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Old 08-18-2010, 11:37 AM   #1 (permalink)
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Default maltese limping again

several months ago we noticed our maltese limping and would occasionally yelp because of it. he is very active being only 10 months old. we took him to the vet and explained the problem/symptoms we have been noticing, thinking maybe he just sprained it or something while running like a crazy man throughout the house and backyard. he took a look at his leg and in 5 seconds was like yep looks like patella luxation. at that time he told me that it would cost around $1300 for each leg but said you could probably wait till he is 1 year old. so we decided to take his advice and just wait. then a few weeks later we noticed he stopped limping and seemed ok, fast forward to 3 days ago when he started limping/lifting his leg again, although now it seems like he is favoring it everyday and appears to be worse. we discussed it and want to take him back in to have it looked at/diagnosed again. Is it common for it to flare up so to speak like it did at the beginning and then kind of disappear for awhile and then come back? it seems like it appeared the first time while he was outside running around and chasing lizards (live in south florida). my girlfriend said that she saw him slip while going up the stairs and bang his hind leg on the stair. same hind leg that he was limping with before.

i am familiar with this breed being prone to patella luxation due to their size. i was curious are their other tests that i should ask for to determine that is is truly 100% patella luxation? we also have his neutering scheduled for next thursday. just wanted to mention that in case things needed to be done while he is drugged up?
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Old 08-18-2010, 12:01 PM   #2 (permalink)
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Hi, I don't post much but this is something I do have experience with. My advise is to go to a orthopedic specialist. You will get an accurate diagnosis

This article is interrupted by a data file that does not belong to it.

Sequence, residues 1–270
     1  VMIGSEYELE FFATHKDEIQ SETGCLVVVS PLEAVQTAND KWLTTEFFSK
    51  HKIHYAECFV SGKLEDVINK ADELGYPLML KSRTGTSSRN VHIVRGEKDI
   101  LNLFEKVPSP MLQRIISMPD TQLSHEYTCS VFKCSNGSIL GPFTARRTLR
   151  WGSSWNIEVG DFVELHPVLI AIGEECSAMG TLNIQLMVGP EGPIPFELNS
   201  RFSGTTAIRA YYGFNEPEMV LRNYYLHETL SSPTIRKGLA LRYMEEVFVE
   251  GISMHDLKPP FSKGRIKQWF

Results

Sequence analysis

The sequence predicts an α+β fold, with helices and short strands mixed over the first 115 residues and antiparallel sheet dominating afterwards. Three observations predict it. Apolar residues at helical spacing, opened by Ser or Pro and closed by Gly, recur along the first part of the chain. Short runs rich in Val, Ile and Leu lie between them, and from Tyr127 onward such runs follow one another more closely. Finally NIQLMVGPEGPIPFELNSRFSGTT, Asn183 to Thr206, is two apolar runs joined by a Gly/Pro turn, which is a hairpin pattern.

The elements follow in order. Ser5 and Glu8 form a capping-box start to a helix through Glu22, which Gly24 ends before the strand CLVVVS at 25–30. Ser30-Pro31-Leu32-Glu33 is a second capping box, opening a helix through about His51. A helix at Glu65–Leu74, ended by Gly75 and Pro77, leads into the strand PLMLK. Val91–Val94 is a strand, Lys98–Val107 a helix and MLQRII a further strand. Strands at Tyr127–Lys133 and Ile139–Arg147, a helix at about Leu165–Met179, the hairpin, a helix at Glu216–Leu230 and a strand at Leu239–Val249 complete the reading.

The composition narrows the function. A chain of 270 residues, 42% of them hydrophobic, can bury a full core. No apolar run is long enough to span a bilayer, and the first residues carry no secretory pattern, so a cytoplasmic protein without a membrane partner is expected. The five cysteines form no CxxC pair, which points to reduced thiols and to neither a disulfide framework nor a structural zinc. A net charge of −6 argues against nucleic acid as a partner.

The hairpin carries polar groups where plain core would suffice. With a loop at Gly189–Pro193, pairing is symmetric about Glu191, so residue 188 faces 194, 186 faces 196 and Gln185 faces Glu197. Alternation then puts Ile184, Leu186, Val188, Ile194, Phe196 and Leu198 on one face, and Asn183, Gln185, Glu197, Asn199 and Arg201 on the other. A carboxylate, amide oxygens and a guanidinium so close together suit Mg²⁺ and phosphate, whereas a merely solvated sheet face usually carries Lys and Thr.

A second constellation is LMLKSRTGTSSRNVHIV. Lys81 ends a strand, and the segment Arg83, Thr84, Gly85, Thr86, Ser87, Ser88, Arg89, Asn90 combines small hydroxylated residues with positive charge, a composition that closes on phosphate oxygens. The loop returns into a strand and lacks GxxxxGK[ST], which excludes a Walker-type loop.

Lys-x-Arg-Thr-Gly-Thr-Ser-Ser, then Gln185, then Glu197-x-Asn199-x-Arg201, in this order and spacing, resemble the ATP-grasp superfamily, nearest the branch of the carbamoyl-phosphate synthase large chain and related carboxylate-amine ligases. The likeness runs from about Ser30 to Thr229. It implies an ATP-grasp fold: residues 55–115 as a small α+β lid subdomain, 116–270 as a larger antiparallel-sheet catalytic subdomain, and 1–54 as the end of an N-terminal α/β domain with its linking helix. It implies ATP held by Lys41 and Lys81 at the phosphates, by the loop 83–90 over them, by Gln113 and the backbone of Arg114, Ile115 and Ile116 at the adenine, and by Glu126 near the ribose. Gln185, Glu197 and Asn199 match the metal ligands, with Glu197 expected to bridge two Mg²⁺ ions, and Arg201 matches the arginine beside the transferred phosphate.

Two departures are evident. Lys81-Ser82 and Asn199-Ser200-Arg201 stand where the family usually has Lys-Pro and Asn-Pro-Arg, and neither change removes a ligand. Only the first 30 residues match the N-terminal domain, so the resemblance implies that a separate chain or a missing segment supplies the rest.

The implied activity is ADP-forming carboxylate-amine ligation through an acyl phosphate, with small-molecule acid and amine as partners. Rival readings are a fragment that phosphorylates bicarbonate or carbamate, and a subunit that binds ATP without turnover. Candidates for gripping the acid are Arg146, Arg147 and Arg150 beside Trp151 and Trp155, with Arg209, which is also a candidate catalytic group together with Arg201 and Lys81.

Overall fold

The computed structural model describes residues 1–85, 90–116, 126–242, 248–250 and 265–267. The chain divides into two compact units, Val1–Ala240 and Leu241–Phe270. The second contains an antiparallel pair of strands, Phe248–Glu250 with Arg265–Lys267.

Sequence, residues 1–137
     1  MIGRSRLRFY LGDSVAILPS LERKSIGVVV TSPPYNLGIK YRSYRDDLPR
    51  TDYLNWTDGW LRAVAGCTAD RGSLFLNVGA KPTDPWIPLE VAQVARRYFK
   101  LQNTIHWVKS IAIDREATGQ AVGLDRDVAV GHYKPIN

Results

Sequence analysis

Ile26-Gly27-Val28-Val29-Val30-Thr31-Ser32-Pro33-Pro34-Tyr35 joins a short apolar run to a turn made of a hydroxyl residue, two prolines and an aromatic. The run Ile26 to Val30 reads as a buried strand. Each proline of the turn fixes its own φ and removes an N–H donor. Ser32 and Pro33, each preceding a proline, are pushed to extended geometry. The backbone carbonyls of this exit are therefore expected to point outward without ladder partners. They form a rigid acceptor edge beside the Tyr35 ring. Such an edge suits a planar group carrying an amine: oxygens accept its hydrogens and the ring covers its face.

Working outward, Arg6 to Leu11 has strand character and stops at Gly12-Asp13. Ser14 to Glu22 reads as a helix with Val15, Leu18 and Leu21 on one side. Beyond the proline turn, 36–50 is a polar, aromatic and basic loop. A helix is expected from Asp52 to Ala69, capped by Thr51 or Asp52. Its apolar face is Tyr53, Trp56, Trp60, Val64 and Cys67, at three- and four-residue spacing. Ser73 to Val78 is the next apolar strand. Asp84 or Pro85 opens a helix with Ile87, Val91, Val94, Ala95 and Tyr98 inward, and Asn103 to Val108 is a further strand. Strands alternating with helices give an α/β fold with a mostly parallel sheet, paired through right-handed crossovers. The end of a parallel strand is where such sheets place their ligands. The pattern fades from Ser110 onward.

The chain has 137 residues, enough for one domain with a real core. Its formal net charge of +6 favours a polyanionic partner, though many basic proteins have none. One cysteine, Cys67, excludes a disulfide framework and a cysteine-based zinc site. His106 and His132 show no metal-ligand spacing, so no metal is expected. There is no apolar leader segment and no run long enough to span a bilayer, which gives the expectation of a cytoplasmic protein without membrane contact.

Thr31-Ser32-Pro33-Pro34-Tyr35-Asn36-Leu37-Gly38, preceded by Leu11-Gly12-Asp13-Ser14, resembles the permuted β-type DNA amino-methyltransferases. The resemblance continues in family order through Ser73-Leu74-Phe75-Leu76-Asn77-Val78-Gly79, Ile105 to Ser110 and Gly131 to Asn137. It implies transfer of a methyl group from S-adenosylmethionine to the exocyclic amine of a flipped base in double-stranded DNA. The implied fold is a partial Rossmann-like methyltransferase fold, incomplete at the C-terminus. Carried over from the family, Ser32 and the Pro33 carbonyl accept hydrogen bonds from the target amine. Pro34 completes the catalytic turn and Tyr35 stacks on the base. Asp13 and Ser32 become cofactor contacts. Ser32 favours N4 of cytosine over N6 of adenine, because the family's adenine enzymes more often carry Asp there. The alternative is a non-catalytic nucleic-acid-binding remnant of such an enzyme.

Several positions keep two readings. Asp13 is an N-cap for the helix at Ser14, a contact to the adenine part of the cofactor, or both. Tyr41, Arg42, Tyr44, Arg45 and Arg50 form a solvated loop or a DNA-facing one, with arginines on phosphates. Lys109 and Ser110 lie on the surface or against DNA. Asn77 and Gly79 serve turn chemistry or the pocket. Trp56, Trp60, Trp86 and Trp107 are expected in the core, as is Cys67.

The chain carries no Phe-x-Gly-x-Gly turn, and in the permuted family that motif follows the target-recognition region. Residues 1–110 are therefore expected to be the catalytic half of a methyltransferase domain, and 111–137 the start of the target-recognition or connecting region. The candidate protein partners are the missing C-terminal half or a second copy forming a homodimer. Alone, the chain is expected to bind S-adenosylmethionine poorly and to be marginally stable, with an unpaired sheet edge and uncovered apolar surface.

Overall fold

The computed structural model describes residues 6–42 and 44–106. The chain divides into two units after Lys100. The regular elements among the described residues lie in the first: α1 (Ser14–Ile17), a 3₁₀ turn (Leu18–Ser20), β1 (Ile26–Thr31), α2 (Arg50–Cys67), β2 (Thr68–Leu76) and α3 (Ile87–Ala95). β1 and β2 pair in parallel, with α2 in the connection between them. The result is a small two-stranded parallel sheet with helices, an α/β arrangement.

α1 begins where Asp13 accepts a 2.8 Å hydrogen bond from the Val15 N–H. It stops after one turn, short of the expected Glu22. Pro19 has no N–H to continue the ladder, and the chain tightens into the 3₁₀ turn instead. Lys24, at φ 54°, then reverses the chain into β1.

of the level of luxation and if surgery is recommended you can have someone
do it who is competent do it. Your regular vet, no matter how good, is not
qualified to diagnose or repair this. Your pup will continue to have episodes of
limping until this is fixed and even after surgery he may even develop arthritis, over time, in the knees that were repaired.

You will not regret this surgery. It's dependable and gives great results. The recovery time is pretty long however. You can google veterinary orthopedic
specialists and find the association which will list doctors by state.

good luck
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Old 08-18-2010, 09:17 PM   #3 (permalink)
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Quote:
Originally Posted by makettle29 View Post
Hi, I don't post much but this is something I do have experience with. My advise is to go to a orthopedic specialist. You will get an accurate diagnosis
of the level of luxation and if surgery is recommended you can have someone
do it who is competent do it. Your regular vet, no matter how good, is not
qualified to diagnose or repair this. Your pup will continue to have episodes of
limping until this is fixed and even after surgery he may even develop arthritis, over time, in the knees that were repaired.

You will not regret this surgery. It's dependable and gives great results. The recovery time is pretty long however. You can google veterinary orthopedic
specialists and find the association which will list doctors by state.

good luck

B&B has problems with her leg from time to time, if I were you I would consider having the surgery he's so young and he would have better quality of life. B&B is 11 the vet wants us to keep a close watch on her they don't want to do the surgery because of her age and putting her under
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Old 08-18-2010, 10:31 PM   #4 (permalink)